Google+




English for everyone

When in Britain

When in Britain

When in Britain

Visitors to Britain are often surprised by the strange behaviour of its inhabitants. The British like forming queues. They queue up when waiting for a bus, theatre tickets, in shops… A well-known writer George Mikes, a Hungarian by birth, joked: ‘An Englishman, even if he is alone, forms an orderly queue of one’.
So one of the worst mistakes is to get on a bus without waiting your turn. The British are very sensitive to such behaviour and they may get really annoyed with queue-jumpers -people who don’t wait their turn in the queue.
Drivers in cars can become quite aggressive if they think you are jumping the queue in a traffic jam. Newspapers often publish angry articles about people who pay money to bypass a hospital waiting list in order to get an operation more quickly.
The British, especially the English, are more reserved than the people of many other countries. They don’t like to show their emotions. They usually don’t easily get into conversation with strangers. They don’t like personal questions (for example, how much money they earn or about their family life). They take more time to make friends. They would like to know you better before they ask you home. So don’t be upset if your English friends don’t invite you home. It doesn’t mean they don’t like you!
More »

Betrayal by C. Fremlin

Betrayal

Maisie Allen’s lips stretched in a tight little smile of satisfaction as she surveyed the poky suburban house with its prim lace curtains. So this was what Mark had come to after thirty years! The godlike Mark had come to this in the end!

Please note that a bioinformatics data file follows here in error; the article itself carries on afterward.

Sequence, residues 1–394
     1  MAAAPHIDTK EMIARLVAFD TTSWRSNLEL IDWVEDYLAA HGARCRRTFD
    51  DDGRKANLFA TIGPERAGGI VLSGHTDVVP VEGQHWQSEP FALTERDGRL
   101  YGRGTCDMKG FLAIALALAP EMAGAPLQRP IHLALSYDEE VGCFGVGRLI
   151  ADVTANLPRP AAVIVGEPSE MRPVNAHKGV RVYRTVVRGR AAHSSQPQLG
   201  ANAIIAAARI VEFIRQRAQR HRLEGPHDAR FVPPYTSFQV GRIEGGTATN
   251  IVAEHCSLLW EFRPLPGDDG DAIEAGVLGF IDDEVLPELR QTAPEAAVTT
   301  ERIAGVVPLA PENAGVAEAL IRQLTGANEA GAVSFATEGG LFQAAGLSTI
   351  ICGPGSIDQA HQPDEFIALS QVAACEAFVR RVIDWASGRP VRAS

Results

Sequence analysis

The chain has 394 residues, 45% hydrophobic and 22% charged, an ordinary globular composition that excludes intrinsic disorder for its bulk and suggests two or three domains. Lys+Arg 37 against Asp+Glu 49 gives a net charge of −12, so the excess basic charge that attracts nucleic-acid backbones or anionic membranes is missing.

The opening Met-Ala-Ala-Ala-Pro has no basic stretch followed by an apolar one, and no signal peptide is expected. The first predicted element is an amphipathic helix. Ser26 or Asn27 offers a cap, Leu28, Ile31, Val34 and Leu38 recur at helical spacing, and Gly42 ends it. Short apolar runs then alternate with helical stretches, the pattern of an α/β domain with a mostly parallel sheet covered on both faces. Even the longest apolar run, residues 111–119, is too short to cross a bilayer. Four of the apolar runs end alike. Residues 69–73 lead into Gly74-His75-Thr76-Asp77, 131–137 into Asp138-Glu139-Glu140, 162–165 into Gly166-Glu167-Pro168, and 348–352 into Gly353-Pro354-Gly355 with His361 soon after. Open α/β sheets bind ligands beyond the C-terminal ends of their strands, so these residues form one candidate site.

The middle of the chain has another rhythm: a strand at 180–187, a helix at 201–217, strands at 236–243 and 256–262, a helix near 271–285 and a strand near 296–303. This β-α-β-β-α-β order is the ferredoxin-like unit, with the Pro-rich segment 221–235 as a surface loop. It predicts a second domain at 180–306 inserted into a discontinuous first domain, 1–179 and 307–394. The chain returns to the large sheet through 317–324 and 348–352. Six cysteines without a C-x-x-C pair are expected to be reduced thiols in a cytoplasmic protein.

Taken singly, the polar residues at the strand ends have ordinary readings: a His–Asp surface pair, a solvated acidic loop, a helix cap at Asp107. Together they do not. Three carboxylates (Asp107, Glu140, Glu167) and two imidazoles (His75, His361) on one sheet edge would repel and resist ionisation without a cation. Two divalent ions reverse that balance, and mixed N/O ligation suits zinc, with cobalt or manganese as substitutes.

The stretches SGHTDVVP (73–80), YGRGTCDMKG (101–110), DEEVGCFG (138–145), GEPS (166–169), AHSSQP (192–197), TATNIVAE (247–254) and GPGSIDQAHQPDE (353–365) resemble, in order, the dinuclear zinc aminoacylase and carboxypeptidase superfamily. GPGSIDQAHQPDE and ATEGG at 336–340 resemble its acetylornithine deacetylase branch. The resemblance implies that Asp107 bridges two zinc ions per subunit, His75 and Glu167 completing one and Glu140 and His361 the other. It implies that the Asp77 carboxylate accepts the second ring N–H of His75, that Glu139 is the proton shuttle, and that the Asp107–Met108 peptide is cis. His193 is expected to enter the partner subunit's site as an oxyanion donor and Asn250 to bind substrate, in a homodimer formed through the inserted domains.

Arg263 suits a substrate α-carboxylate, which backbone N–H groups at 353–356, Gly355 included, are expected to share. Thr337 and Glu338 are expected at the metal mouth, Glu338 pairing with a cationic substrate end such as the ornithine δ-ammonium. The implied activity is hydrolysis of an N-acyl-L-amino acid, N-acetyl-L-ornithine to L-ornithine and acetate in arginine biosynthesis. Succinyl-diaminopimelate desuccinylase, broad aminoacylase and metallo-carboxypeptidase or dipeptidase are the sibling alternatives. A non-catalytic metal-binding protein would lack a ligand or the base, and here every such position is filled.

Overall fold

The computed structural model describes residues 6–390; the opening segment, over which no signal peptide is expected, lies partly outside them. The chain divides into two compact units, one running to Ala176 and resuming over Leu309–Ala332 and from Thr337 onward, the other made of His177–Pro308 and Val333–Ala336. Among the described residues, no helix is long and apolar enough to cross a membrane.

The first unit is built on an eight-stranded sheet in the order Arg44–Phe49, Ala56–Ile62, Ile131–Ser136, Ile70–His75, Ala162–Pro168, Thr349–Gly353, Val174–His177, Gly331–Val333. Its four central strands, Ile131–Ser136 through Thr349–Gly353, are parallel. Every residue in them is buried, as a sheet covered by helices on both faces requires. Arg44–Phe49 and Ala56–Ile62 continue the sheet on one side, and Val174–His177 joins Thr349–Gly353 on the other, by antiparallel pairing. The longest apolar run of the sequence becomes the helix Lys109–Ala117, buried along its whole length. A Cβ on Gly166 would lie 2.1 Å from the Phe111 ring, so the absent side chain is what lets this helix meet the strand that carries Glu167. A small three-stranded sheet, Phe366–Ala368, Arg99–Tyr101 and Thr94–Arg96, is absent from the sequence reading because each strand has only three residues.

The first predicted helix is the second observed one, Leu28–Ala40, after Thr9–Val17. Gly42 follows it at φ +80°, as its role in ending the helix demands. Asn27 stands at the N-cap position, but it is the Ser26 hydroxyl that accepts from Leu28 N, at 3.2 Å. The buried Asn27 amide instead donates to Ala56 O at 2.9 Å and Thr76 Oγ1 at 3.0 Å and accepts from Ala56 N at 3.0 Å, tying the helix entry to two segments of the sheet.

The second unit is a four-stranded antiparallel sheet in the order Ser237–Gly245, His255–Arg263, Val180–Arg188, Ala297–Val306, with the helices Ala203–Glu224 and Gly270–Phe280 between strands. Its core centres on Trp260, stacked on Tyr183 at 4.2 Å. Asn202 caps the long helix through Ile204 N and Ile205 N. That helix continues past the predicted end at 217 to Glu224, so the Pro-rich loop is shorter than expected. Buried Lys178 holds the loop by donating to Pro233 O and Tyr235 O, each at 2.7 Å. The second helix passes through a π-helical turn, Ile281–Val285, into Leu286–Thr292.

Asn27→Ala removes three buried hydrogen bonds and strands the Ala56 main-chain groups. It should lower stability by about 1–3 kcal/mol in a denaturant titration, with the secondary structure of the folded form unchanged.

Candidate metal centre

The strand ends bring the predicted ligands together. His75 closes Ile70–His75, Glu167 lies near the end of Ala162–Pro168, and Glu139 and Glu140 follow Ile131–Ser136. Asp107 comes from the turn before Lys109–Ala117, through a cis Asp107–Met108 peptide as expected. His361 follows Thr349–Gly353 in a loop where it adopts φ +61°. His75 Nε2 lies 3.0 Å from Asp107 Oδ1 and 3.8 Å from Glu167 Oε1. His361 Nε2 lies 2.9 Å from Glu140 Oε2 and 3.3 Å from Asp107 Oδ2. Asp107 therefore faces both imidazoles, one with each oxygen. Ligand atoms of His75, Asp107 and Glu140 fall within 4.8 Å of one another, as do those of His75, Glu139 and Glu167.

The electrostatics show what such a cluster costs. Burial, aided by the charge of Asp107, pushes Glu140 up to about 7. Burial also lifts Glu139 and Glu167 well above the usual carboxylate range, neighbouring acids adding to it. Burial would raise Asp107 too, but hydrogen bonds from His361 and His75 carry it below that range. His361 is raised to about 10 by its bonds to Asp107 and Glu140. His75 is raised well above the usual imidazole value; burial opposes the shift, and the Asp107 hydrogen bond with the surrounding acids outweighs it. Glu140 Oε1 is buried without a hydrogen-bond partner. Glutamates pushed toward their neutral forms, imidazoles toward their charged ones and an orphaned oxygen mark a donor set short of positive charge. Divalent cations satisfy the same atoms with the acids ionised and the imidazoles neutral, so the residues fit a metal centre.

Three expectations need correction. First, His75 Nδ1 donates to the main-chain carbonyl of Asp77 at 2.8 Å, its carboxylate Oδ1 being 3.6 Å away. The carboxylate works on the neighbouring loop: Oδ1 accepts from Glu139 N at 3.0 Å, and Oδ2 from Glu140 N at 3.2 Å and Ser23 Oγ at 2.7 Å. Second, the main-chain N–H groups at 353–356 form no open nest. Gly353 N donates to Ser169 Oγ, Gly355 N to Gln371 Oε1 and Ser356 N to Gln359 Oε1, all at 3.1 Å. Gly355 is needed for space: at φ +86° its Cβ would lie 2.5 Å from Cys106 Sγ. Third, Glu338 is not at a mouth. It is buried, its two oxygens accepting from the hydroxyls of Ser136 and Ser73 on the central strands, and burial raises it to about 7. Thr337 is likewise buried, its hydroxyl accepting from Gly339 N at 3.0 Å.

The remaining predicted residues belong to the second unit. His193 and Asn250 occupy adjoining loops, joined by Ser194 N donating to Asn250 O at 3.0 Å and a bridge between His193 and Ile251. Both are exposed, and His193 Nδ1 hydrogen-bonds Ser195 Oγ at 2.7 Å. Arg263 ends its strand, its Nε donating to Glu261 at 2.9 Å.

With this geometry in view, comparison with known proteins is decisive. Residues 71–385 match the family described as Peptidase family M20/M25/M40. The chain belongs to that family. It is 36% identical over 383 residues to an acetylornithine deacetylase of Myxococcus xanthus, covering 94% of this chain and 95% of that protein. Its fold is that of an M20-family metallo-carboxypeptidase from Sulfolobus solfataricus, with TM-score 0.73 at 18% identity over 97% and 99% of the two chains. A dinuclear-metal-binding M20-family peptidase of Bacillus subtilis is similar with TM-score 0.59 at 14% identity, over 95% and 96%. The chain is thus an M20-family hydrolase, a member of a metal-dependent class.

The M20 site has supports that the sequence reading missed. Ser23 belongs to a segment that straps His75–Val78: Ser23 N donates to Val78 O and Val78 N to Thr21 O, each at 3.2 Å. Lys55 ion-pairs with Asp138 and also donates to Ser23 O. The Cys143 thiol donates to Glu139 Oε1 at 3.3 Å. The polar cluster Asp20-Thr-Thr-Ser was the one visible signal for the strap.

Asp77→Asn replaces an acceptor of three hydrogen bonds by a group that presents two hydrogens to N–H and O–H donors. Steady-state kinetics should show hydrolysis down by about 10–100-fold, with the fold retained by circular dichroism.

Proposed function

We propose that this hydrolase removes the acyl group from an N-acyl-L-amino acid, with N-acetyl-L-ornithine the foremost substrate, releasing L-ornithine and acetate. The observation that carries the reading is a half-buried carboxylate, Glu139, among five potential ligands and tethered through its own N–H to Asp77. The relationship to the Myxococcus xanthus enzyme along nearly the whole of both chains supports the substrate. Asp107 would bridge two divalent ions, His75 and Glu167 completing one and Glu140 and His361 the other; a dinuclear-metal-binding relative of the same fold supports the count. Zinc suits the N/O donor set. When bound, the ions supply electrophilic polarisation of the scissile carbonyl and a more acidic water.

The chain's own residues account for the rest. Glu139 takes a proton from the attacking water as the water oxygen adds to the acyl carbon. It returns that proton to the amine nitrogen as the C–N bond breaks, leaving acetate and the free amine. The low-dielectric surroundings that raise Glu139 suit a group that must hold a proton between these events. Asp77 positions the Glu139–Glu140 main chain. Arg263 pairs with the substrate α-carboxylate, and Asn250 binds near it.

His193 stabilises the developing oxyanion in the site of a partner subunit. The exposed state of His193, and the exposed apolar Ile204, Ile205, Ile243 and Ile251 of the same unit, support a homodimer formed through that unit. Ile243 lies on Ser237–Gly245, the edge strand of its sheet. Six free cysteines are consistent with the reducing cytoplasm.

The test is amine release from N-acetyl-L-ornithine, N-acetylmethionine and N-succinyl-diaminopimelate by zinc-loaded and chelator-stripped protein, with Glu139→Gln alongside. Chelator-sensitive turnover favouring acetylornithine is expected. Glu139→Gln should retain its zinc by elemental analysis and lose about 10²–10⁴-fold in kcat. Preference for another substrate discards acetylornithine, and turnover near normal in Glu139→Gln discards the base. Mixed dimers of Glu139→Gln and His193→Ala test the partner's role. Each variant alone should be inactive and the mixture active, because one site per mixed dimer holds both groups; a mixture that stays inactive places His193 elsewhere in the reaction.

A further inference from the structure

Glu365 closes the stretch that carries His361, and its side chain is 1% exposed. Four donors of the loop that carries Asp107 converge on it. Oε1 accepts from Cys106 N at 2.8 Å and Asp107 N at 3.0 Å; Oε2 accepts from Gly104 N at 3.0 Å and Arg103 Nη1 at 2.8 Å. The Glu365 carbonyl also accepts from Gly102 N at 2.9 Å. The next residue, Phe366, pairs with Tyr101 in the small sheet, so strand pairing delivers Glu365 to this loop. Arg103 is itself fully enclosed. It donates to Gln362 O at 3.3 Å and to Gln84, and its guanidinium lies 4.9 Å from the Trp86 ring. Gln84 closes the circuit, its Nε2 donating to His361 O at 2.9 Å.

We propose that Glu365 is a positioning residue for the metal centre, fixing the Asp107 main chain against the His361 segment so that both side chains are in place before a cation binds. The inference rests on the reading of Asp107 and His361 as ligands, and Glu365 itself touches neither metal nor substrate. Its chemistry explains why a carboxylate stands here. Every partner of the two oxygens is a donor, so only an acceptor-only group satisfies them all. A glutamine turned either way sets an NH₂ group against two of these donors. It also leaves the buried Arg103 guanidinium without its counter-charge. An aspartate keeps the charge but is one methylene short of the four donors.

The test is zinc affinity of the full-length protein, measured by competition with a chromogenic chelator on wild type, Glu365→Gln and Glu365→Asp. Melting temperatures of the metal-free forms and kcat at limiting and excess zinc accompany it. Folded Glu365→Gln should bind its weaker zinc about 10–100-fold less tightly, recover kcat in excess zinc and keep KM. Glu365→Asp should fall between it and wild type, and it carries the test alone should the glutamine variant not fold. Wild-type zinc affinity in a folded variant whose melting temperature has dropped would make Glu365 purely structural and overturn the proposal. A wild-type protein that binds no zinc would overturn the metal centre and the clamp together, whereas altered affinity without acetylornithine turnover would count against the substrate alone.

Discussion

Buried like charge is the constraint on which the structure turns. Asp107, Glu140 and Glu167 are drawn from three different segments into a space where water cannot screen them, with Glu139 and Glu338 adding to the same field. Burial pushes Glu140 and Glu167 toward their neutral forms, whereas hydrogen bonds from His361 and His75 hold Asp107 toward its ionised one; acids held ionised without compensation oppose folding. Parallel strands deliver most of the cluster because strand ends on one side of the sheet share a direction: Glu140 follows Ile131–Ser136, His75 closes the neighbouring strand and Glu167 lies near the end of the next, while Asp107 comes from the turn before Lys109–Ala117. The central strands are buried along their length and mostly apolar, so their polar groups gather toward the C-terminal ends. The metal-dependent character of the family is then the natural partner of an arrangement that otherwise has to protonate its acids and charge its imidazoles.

It was the end, of course. The unspecified female relative who had written to Maisie in a crabbed and elderly hand had made that perfectly clear. Mark had at most a few more months to live, and he wanted to see his old friend Maisie Allen before he died; that was the gist of the letter which Maisie now fingered almost lovingly with her tight black glove.
The triumph of it! Mark, who had once thought that he owned the world, that he owned Maisie and could demand of her anything he liked: Mark, who now lay dying in this squalid street with only some aged cousin to look after him. Not even a wife or a family to show for all that proud young strength! A little secret smile hovered round Maisie’s mouth as she rang the bell.
More »

When in Rome do as the Romans do

traditions

One wise man said that no man should travel until he has learned the language of the country he visits. True, isn’t it? However, we sometimes realise, to our great astonishment, that the knowledge of the language is not enough. Every country has its customs. Different nations can behave differently in the same situations. Let’s be polite travellers. Let’s respect the customs of the country we are in. Let’s not forget the proverb: “When in Rome do as the Romans do.»
More »

If you are learning English

English Language of Communication

English Language of Communication

(What experts think about it)
THE LANGUAGE
(By G. Mikes)
When I arrived in England I thought I knew English. After I’d been here an hour I realised that I did not understand one word. In the first week I picked up a tolerable working knowledge of the language and the next seven years convinced me gradually but thoroughly that I would never know it really well, let alone perfectly. This is sad. My only consolation being that nobody speaks English perfectly.